Mom to Mom Encouragment

In him we have obtained an inheritance, having been predestined according to the purpose of him who works all things according to the counsel of his will,
Ephesians 1:11


It’s been awhile; I know. To be honest, except for some few matters that weighed heavily on my heart, I have basically taken this summer off.  After 15 years of the intense parenting  and educating process that is so innocuously referred to as”homeschool,”  I took a few weeks and did some serious resting at the Lord’s feet… with an strong emphasis on rest.

As part of this,  I slept… and slept. As far back as memory stretches, I remember being tired, and so this summer I did not stick to my normal early-morning routine as in years past. I slept as long as I could as often as I could. That is not to say that I went to bed late – in fact, I was often in bed by 9:30 – but for the first time in memory, I did not set an alarm every day.

It was a luxury, and one that I was only able to afford in part because of a tremendous change that is happening at the Davis household. You see, I have less to prepare for this school year.

For the first time in our family history, I will only be homeschooling one of my children; the older two will attend a private Christian school. This is our family’s very first venture into an institutional-style education.

It’s pretty big change.

For years, we have prayed about how long we would homeschool, and this year the surprising answer was to provide the older two with an opportunity to attend a private school in a neighboring town.  I have always known that if my Lord wanted my children to attend private school then He would provide for it.

And He has. And here we are, just days away.

But some things never change. The same questions that have risen at the beginning of each school year still surfaced this time, some with even greater savagery.

Have I done enough with them?

Have I been too lenient, too strict, too careless, too rigid?

Have I gotten so caught up in teaching Bible that I have forgotten to share my love of the Bible? 

Have I impeded their growth spiritually, socially, academically, emotionally, intellectually?

What if I have made a tremendous, hopeless mess out of everything?

These questions and others like them are the particular haunt of homeschool moms, although I am certain they affect all concerned parents in some degree. However, the homeschool community is such that, if you spend even thirty-five seconds on some form of social media, you will be bombarded by other homeschoolers who have just plain done it better. 

They have successfully shepherded all of their children’s hearts to the effect that each one has an obvious love for the Lord that overflows in a passion for some area of ministry. These families have raised prodigies in violin or dance. Their children are mini-geniuses who are fluent in 4 languages, have mastered Algebra by fifth grade, can map their own DNA, have written a successful novel, have formulated a very promising cure for cancer,  whip up five-star restaurant quality meals from scratch for dinner each week, rescue babies from runaway cars as a hobby, made a 36 on the ACT exam in eighth grade, and have once or twice saved the world from imminent disaster with a combination of pure ingenuity under fire and infallible communication skills. They are done by noon. Every. Single. Day.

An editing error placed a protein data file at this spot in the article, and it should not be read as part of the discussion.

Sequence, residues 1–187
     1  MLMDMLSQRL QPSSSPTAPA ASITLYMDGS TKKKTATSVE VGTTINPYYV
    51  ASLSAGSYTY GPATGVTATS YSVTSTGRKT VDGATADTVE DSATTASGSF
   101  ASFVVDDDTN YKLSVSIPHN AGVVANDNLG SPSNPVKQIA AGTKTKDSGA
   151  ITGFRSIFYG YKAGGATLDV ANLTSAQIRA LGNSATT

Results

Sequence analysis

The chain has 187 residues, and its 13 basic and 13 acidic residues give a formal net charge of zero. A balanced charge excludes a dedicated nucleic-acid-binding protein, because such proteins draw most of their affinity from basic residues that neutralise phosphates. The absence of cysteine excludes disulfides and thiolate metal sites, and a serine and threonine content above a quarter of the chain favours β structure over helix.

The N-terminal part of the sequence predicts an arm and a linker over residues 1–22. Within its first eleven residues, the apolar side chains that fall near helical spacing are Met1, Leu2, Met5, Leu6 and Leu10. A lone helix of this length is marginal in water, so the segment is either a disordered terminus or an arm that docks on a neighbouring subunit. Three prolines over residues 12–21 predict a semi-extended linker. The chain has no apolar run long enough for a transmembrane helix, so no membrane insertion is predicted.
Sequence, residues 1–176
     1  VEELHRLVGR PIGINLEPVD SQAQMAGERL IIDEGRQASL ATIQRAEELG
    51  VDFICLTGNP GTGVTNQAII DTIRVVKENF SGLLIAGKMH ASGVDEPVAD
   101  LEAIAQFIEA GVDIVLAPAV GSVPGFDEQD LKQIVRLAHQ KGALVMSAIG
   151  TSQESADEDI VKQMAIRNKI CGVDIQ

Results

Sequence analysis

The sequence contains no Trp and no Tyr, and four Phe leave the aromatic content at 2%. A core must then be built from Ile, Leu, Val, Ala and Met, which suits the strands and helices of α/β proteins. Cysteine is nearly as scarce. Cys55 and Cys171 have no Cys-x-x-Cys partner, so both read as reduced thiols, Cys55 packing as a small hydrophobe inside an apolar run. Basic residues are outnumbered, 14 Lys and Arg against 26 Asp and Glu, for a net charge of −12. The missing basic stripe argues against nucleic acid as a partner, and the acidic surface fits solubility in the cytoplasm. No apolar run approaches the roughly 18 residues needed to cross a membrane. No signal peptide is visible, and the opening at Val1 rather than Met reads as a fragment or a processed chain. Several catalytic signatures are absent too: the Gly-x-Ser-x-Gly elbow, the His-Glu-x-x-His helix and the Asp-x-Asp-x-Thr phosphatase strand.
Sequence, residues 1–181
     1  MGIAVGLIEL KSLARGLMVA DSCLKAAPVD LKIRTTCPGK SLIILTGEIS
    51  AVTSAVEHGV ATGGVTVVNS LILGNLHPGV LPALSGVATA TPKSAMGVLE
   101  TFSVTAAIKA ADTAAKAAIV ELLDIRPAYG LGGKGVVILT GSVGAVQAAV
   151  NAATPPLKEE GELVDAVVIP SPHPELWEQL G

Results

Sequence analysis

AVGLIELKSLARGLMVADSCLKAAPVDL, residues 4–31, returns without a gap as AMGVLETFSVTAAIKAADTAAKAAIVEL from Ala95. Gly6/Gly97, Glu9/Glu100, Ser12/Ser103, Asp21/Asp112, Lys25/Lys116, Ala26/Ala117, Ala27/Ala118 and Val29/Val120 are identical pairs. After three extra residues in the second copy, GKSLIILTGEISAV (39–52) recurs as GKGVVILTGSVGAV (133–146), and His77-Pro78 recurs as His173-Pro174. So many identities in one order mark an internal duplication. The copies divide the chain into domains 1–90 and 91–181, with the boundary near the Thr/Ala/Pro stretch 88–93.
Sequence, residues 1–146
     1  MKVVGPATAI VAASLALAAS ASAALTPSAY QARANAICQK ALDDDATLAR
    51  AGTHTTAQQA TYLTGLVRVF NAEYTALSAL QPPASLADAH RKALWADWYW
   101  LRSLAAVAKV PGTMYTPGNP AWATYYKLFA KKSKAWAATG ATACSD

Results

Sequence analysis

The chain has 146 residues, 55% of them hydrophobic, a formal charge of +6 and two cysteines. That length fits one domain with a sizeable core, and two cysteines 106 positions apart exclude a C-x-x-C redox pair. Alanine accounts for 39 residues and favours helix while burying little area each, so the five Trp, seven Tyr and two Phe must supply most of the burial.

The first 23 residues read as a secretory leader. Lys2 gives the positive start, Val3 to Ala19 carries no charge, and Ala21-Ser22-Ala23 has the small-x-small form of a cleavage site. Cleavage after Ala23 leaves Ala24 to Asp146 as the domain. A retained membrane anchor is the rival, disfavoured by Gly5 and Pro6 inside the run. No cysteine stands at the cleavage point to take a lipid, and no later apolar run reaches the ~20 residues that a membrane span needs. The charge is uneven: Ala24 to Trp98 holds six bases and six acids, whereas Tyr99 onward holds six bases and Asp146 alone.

When I consider all this, it’s not difficult to see why I no longer look around at other people’s Facebook posts  nor why I have studiously ignored Pinterest.

However, all my sleeping and resting at the Lord’s feet did bring about a positive change. For the first time, even though the same old crazy, fear-induced questions did rise up on cue, they were quickly put to rest by one single encouraging thought: It really doesn’t matter.

You see, even if I have made mistakes, there is no such thing as a hopeless mess. Of course I have erred; I am human. However, I have also prayerfully, diligently, even tearfully tried my utmost to obey what I believe my King has told me to do. In years past, that meant fighting battles I did not want to fight. This year, it means letting go a little.

Naturally, I have asked myself, “What if you are wrong? What if you only think you’re doing what God wants you to do?”

And that’s where this gets good. Because, the thing is, my Father does know if I am truly and with my whole heart trying to obey. And He isn’t expecting perfection; perfection is squarely His territory.

But the best part of all of this is that even if I do misunderstand Him, even if I do make huge and heinous mistakes, as Ephesians 1:11 says, He “works all things according to the counsel of His will.”

Oh, there are other verses I have collected along the same lines, but my fellow Christ-loving moms, as we start this school year (whether homeschool, private school, or public school), I pray that you are as encouraged by the Word of Life as I was this week.